The next time you’re moaning about having to attend a mandatory fire safety program, interrupting your day, at your workplace, think about this story.
The other night I was babysitting for my daughter’s two children under two on the 13th floor of a high rise her family was renting for vacation. I was burping the baby when I heard fire sirens. I rolled the baby off my chest onto the couch (the toddler was asleep) and darted to the front window. Fire engines were storming into the block from both directions. They met and disappeared under the overhang of her building.
While my breath made siren sounds of its own, I made a mental plan: soak a bath towel and place it on the floor next to the door to the hallway, and grab a blanket off the bed and place both kids in the middle of it on the floor.
I sprinted across the living room to the kitchen bar, grabbed my phone, and called my daughter. If we were to perish, I wanted her to know that I had a plan: starve the fire of oxygen, keep smoke out of the apartment, and evacuate the children if instructed to do so. Struggling to hear her above the crowd noise of a White Sox game, I tried to sound nonchalant: “Honey, I think there’s a fire in this building.”
My daughter started laughing. What was there to laugh about? Her children’s lives were in my hands. Did she think I was joking?
“Oh, I forgot to tell you, Mom. A fire drill was scheduled for the building tonight.”
As I was listening to her, I walked back to the living room window. Just that quickly, the street had jammed with fire trucks, paramedic vans, and people who had poured out of nearby apartment buildings. And, indeed, the firemen were showing no signs of haste. Meandering among the trucks, they looked as if they were checking whether their drill procedure was working according to their disaster preparedness plan.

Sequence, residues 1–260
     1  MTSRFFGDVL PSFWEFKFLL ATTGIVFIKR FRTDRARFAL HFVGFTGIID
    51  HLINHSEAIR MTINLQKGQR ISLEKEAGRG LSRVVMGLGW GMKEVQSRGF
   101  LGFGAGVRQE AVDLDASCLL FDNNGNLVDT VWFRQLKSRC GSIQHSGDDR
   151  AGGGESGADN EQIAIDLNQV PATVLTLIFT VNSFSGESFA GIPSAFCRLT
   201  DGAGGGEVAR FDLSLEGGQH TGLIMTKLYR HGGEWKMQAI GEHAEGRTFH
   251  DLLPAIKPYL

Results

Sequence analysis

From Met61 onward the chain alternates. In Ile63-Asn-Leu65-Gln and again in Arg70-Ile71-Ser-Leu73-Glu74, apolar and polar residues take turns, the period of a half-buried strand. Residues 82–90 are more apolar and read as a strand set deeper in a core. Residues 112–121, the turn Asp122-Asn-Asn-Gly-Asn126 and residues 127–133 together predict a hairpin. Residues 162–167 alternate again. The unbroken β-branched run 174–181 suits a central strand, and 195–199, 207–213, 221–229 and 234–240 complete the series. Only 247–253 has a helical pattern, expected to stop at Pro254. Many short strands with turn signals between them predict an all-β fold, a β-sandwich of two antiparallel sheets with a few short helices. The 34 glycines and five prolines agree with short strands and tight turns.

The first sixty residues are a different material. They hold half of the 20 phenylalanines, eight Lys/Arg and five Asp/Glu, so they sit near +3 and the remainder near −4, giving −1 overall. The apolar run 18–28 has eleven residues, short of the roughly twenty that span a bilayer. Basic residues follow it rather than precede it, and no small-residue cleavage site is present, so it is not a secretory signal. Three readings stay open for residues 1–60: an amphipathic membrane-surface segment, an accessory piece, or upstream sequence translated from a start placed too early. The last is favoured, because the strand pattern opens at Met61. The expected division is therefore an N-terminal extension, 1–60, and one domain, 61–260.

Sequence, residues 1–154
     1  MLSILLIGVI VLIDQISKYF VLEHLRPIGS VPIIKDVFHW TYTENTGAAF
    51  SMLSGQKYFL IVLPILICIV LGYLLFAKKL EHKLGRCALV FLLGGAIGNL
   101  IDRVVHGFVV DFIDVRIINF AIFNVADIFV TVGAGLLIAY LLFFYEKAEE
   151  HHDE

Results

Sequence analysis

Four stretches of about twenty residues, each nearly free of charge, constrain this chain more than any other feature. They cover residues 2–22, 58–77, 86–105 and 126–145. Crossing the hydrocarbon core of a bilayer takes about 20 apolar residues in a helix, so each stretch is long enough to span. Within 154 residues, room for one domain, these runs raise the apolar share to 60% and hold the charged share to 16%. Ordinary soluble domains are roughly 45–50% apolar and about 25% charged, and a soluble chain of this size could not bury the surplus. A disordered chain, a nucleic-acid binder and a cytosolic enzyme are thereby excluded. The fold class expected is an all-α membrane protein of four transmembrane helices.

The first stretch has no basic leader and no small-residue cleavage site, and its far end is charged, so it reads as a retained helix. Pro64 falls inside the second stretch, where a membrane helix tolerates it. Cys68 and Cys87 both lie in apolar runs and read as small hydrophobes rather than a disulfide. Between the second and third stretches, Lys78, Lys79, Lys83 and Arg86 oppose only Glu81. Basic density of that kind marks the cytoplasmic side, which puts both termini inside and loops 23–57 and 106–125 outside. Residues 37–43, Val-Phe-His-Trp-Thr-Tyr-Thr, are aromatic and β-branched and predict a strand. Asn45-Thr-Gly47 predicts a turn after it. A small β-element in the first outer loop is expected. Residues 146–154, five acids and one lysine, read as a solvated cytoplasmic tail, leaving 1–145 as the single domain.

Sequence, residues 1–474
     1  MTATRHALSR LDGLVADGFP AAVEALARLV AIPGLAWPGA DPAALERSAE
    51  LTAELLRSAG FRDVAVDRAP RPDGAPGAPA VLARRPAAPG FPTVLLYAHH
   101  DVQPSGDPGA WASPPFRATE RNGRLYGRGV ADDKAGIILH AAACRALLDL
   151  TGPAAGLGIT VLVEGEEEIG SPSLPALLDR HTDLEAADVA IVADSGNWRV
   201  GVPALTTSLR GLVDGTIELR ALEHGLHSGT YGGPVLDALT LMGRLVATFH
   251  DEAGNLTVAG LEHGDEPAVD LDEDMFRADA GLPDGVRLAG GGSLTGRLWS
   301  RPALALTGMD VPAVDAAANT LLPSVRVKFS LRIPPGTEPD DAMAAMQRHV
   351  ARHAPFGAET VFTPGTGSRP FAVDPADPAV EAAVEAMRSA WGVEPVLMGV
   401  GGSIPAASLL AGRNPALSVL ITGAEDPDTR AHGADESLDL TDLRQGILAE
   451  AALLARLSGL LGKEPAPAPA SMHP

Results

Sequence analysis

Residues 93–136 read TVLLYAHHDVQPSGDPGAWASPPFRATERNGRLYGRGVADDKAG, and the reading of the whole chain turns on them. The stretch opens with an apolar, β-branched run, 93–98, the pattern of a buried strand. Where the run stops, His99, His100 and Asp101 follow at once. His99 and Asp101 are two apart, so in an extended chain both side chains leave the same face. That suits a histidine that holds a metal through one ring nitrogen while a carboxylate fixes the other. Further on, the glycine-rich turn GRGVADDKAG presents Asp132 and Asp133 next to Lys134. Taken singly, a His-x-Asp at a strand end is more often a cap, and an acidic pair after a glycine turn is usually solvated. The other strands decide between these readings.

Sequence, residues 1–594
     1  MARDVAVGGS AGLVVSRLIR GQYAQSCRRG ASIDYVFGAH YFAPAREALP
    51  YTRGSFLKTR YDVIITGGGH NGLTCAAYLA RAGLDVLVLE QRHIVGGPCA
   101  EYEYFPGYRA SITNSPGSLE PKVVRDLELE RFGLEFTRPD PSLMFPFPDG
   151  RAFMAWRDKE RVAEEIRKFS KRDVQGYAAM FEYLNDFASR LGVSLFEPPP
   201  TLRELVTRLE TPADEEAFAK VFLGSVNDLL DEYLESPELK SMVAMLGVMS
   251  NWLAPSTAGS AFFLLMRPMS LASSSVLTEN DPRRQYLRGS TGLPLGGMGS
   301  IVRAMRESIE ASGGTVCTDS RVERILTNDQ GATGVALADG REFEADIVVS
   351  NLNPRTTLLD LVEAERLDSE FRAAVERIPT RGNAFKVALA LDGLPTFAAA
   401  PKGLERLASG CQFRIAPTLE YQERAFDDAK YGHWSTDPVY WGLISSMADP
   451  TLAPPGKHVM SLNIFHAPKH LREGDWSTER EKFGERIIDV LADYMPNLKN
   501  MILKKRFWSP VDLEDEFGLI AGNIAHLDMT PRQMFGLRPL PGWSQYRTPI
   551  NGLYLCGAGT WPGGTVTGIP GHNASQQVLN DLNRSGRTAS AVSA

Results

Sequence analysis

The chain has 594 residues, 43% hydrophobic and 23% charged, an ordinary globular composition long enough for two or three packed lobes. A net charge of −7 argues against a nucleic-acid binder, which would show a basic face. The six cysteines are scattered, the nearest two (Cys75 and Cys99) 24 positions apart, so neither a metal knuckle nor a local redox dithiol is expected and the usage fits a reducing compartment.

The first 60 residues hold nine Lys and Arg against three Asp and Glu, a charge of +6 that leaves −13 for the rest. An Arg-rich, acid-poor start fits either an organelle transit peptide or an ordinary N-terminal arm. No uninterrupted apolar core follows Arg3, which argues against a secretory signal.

“That would have been good to know, honey,” I said. “Just wanted you to know that I had a plan in case you came home to find us fried.” It was not a time to be funny, but humor helped me get my breath back.
I picked up the baby, cuddled in a fleece receiving blanket, and reran my fire plan in my head. Where had the wet towel and blanket strategies come from so suddenly?
It took just a second to remember. The sound of the sirens had alerted my nurse-self to kick in. To remember instructions from a zillion mandatory fire safety programs I’d attended –and yes, moaned about—during my forty years of nursing.
As a nurse, retired for eleven years, now playing Grandma, I was super happy to have had that archive to borrow from in this potential emergency!